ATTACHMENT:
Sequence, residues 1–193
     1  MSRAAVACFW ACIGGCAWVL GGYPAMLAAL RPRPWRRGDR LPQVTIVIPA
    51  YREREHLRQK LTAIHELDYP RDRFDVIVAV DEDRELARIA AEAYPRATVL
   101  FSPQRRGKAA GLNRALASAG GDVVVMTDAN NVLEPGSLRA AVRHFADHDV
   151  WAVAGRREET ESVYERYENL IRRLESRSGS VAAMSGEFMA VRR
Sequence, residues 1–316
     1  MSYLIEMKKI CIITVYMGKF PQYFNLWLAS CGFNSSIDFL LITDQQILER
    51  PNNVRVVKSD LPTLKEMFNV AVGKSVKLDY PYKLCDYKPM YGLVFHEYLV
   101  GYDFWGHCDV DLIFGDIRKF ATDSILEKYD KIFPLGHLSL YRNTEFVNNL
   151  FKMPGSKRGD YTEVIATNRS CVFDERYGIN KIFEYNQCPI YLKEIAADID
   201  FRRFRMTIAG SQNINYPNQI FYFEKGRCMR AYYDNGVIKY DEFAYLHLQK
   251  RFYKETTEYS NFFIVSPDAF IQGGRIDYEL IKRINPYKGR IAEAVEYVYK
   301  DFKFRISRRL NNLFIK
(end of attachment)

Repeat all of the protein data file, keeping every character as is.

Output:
Sequence, residues 1–193
     1  MSRAAVACFW ACIGGCAWVL GGYPAMLAAL RPRPWRRGDR LPQVTIVIPA
    51  YREREHLRQK LTAIHELDYP RDRFDVIVAV DEDRELARIA AEAYPRATVL
   101  FSPQRRGKAA GLNRALASAG GDVVVMTDAN NVLEPGSLRA AVRHFADHDV
   151  WAVAGRREET ESVYERYENL IRRLESRSGS VAAMSGEFMA VRR
Sequence, residues 1–316
     1  MSYLIEMKKI CIITVYMGKF PQYFNLWLAS CGFNSSIDFL LITDQQILER
    51  PNNVRVVKSD LPTLKEMFNV AVGKSVKLDY PYKLCDYKPM YGLVFHEYLV
   101  GYDFWGHCDV DLIFGDIRKF ATDSILEKYD KIFPLGHLSL YRNTEFVNNL
   151  FKMPGSKRGD YTEVIATNRS CVFDERYGIN KIFEYNQCPI YLKEIAADID
   201  FRRFRMTIAG SQNINYPNQI FYFEKGRCMR AYYDNGVIKY DEFAYLHLQK
   251  RFYKETTEYS NFFIVSPDAF IQGGRIDYEL IKRINPYKGR IAEAVEYVYK
   301  DFKFRISRRL NNLFIK